Agreeableness, antagonism, and mental health across cultures

Détails

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Etat: Public
Version: Final published version
Licence: Tous droits réservés
ID Serval
serval:BIB_4CF845686C96
Type
Partie de livre
Sous-type
Chapitre: chapitre ou section
Collection
Publications
Titre
Agreeableness, antagonism, and mental health across cultures
Titre du livre
The Handbook of Antagonism Conceptualizations, Assessment, Consequences, and Treatment of the Low End of Agreeableness
Auteur(s)
Thalmayer Amber Gayle, Rossier Jerome
Editeur
Academic Press of Elsevier
Lieu d'édition
125 London Wall, London EC2Y 5AS, United Kingdom
525 B Street, Suite 1650, San Diego, CA 92101, United States
50 Hampshire Street, 5th Floor, Cambridge, MA 02139, United States
The Boulevard, Langford Lane, Kidlington, Oxford OX5 1GB, United Kingdom
ISBN
978-0-12-814627-9
Statut éditorial
Publié
Date de publication
01/02/2019
Peer-reviewed
Oui
Numéro de chapitre
7
Pages
97-107
Langue
anglais
Résumé
This chapter reviews evidence about Agreeableness and antagonism and their association with mental health across cultures. Agreeableness is a personality dimension defined in a Western context, but which corresponds to a reasonable degree with indigenous dimensions found in other cultural settings. Studies translating Western measures into other languages have found similar factor structures, but not evidence for scalar measurement invariance, which would allow for reliable comparison of scores across cultural and linguistic settings. Interestingly, however, lower average scores for men versus women appear to be more pronounced in industrialized nations with greater gender equity. Agreeableness appears to increase with age across cultures, in particular around the time of taking on adult financial responsibilities. The symptoms and disorders associated with antagonism, including conduct disorder, aggression, psychopathy, antisocial personality disorder, substance use disorders, and borderline personality disorder, generally appear to be globally comprehensible and diagnosable. However, specific symptom patterns can vary considerably, and rates of aggressive behavior and related symptoms appear to be more common in individualistic, industrialized cultures.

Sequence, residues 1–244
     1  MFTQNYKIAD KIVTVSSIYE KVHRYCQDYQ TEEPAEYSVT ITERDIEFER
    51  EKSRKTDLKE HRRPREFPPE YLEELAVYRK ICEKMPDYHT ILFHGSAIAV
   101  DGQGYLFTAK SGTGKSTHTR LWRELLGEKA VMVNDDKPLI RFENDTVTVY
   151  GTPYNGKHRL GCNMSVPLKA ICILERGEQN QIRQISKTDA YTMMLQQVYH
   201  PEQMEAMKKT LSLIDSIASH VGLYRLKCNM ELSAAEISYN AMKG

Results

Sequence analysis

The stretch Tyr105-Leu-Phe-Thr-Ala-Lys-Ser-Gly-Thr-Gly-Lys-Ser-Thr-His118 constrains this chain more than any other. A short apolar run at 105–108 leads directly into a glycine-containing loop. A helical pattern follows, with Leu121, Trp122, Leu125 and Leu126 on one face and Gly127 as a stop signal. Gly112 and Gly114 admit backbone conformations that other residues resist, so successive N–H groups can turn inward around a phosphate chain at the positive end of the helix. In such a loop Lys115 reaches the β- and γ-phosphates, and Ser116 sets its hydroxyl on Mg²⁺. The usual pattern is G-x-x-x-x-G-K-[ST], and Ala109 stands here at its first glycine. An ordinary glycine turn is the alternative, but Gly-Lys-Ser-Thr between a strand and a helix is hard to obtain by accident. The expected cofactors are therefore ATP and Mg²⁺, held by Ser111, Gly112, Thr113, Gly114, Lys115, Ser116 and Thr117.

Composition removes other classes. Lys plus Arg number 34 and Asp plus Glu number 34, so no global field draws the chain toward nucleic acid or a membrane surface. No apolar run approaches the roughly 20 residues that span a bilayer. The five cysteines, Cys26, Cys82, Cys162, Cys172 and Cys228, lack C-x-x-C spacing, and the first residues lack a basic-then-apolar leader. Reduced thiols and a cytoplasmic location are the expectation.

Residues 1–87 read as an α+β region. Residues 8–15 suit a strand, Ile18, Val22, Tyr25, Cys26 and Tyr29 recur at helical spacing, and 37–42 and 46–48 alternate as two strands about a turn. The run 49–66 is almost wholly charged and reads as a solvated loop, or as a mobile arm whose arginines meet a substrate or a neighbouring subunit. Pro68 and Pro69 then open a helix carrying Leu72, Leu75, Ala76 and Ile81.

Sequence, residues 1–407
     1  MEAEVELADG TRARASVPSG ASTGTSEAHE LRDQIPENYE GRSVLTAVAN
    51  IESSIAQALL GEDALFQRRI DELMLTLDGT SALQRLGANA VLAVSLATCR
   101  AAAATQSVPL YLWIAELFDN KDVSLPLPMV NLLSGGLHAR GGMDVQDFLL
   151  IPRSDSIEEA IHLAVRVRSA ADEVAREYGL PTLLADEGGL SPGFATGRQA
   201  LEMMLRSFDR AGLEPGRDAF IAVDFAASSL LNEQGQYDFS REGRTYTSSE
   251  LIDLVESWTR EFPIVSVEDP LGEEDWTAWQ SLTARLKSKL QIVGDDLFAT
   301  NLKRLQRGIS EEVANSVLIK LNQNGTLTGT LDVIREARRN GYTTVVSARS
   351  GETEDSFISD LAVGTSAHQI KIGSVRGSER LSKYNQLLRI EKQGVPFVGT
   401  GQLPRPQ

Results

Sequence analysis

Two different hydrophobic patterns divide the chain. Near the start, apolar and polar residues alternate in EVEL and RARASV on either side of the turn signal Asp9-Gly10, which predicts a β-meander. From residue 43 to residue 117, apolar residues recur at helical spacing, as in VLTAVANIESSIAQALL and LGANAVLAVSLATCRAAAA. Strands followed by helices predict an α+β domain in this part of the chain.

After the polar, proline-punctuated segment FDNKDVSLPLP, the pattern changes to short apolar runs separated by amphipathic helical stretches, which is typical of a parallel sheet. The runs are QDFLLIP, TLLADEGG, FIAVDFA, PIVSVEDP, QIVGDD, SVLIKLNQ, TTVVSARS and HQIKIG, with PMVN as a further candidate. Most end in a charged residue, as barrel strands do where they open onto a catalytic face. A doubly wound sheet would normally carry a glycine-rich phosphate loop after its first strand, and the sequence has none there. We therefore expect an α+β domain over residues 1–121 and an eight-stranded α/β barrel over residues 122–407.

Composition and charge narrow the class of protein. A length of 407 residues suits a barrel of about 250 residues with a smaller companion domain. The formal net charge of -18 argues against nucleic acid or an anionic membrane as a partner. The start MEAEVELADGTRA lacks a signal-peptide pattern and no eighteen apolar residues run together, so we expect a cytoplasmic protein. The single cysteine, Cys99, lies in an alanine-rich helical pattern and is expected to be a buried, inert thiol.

Mots-clé
cultural psychology, cross-cultural psychology, Big Five, personality traits, Agreeableness, mental disorders, psychopathy, aggression, antisocial personality disorder, personality disorders
Création de la notice
23/09/2019 11:06
Dernière modification de la notice
09/10/2019 6:08
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